36. Howard Butcher, Written Emotional Expression & Caregiver Burden Outcomes • The purpose of this study is to evaluate the effect of structured written emotional expression (SWEE) in decreasing the emotional and physiological burdens in family caregivers of persons with Alzheimer disease and related disorders (ADRD). SWEE is an intervention postulated to facilitate the making of meaning and involves asking participants to write for a brief an account expressing their deepest thoughts and feelings about a stressful and traumatic experience. Negative consequences from the stress of ADRD caregiving are well documented in the research literature with family caregivers being more stressed, burdened, and depressed than non-caregivers. The specific aims of this study are to: 1) determine the effect of SWEE on finding meaning (Finding Meaning Through Caregiving Scale); 2) determine the mediating effects of finding meaning on caregiver burden (Burden Interview), depression (CES-D), self reported physical symptoms (Pennebaker Inventory of Limbic Languidness), and salivary cortisol measured QID over two days; and 3) determine the effect of SWEE on caregiver burden, depression, self-reported physical symptoms, and salivary cortisol. Caregivers will experience a total of three 20-minute writing sessions scheduled every other day. All outcome measures will be collected at pretest, 4th and 5th day post-test, and twice at one-month post intervention. The researchers hypothesize that caregivers experiencing SWEE will report higher provisional finding meaning and that higher provisional meaning is positively associated with lower caregiver burden, decreased depression, decreased self-reported physical symptoms, and decreased salivary cortisol dysregulation. Given the negative health outcomes in family ADRD caregivers, an easily administered and low cost intervention that has an impact on improving the health outcomes is both significant and timely.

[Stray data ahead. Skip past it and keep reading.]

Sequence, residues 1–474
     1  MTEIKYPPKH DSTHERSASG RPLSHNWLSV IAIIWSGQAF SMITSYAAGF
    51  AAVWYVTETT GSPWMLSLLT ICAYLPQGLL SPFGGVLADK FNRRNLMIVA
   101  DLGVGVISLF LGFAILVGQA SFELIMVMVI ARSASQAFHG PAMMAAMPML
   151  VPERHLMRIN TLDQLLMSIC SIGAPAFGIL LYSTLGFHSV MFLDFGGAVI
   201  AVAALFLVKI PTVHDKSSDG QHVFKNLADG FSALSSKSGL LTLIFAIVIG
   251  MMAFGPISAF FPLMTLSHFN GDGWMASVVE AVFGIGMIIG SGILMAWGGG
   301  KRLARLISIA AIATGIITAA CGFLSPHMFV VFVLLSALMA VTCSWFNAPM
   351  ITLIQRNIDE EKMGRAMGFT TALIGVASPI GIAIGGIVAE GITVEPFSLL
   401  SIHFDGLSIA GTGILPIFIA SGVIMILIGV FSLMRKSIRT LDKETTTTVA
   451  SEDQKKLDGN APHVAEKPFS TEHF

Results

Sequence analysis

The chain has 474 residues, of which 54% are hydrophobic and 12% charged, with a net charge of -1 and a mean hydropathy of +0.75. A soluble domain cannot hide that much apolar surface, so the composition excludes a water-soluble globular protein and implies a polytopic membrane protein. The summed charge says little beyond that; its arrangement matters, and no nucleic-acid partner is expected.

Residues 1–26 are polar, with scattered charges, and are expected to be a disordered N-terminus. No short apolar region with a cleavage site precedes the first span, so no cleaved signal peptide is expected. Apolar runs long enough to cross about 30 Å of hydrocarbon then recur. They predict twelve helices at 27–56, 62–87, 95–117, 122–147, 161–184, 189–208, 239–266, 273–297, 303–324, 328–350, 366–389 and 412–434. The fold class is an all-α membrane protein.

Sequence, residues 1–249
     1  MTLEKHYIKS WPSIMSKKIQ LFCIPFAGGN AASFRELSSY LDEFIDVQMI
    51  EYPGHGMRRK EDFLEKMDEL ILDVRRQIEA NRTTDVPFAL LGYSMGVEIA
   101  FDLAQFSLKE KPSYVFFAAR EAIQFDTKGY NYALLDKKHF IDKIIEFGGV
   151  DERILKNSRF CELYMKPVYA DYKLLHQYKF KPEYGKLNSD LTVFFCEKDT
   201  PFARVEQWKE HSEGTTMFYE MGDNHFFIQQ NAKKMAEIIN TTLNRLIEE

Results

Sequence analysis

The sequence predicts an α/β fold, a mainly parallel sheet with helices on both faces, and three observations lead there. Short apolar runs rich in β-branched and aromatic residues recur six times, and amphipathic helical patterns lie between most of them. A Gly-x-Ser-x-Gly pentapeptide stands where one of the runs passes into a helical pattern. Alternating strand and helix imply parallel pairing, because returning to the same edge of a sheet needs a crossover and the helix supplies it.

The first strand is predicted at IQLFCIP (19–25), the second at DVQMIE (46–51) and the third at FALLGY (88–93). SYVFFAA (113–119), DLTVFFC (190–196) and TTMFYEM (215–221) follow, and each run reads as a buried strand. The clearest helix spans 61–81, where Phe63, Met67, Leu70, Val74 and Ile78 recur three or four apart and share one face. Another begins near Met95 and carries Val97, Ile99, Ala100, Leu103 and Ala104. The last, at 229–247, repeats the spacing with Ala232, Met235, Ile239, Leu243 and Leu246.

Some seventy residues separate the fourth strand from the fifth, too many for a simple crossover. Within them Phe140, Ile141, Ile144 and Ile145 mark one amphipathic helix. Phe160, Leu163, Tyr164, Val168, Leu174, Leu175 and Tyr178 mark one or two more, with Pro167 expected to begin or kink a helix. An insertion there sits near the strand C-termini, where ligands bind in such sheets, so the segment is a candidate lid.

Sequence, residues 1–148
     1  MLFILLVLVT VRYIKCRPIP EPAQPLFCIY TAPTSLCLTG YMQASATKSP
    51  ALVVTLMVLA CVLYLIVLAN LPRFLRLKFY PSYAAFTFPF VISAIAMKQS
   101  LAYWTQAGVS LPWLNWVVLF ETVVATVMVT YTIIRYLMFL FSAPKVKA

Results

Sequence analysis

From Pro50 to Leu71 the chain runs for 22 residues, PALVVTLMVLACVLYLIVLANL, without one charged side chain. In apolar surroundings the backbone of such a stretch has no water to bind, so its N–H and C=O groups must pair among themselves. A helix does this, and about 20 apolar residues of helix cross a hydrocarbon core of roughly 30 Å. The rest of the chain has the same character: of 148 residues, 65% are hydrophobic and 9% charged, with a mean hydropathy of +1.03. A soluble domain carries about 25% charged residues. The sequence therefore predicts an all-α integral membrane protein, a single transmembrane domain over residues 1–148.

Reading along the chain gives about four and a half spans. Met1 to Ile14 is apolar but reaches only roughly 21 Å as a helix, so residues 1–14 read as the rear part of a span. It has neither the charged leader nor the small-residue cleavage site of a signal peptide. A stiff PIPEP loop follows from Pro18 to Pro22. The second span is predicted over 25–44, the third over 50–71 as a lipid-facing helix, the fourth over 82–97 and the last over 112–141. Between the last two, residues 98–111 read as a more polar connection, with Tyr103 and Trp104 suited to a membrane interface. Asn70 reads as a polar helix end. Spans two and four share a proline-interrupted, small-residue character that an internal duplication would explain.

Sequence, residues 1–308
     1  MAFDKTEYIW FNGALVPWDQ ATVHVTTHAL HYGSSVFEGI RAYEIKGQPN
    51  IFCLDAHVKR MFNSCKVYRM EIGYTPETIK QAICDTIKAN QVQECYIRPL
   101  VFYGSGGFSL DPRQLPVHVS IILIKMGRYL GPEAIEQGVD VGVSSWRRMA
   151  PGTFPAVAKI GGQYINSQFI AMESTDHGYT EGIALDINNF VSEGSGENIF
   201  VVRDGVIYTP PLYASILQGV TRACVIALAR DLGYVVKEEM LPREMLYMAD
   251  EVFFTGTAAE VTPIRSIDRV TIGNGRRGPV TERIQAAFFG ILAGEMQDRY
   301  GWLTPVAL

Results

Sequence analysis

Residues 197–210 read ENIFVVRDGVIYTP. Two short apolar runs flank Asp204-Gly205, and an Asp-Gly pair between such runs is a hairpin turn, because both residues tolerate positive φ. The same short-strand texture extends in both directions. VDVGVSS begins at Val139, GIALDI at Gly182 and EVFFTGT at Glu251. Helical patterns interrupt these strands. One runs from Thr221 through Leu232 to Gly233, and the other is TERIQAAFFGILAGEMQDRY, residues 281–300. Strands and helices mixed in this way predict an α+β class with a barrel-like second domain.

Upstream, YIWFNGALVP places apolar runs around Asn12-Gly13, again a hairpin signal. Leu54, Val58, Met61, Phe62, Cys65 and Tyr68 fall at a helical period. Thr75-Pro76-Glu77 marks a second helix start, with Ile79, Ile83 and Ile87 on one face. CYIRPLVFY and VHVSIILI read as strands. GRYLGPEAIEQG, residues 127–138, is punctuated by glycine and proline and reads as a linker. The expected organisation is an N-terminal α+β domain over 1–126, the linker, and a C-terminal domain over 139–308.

37. Sentence 1 • The purpose of this study is to evaluate the effect of structured written emotional expression (SWEE) in decreasing the emotional and physiological burdens in family caregivers of persons with Alzheimer disease and related disorders (ADRD).

  38. Sentences 2 and 3 • SWEE is an intervention postulated to facilitate the making of meaning and involves asking participants to write for a brief an account expressing their deepest thoughts and feelings about a stressful and traumatic experience. Negative consequences from the stress of ADRD caregiving are well documented in the research literature with family caregivers being more stressed, burdened, and depressed than non-caregivers.

  39. Sentence 4 • The specific aims of this study are to: 1) determine the effect of SWEE on finding meaning (Finding Meaning Through Caregiving Scale); 2) determine the mediating effects of finding meaning on caregiver burden (Burden Interview), depression (CES-D), self reported physical symptoms (Pennebaker Inventory of Limbic Languidness), and salivary cortisol measured QID over two days; and 3) determine the effect of SWEE on caregiver burden, depression, self-reported physical symptoms, and salivary cortisol.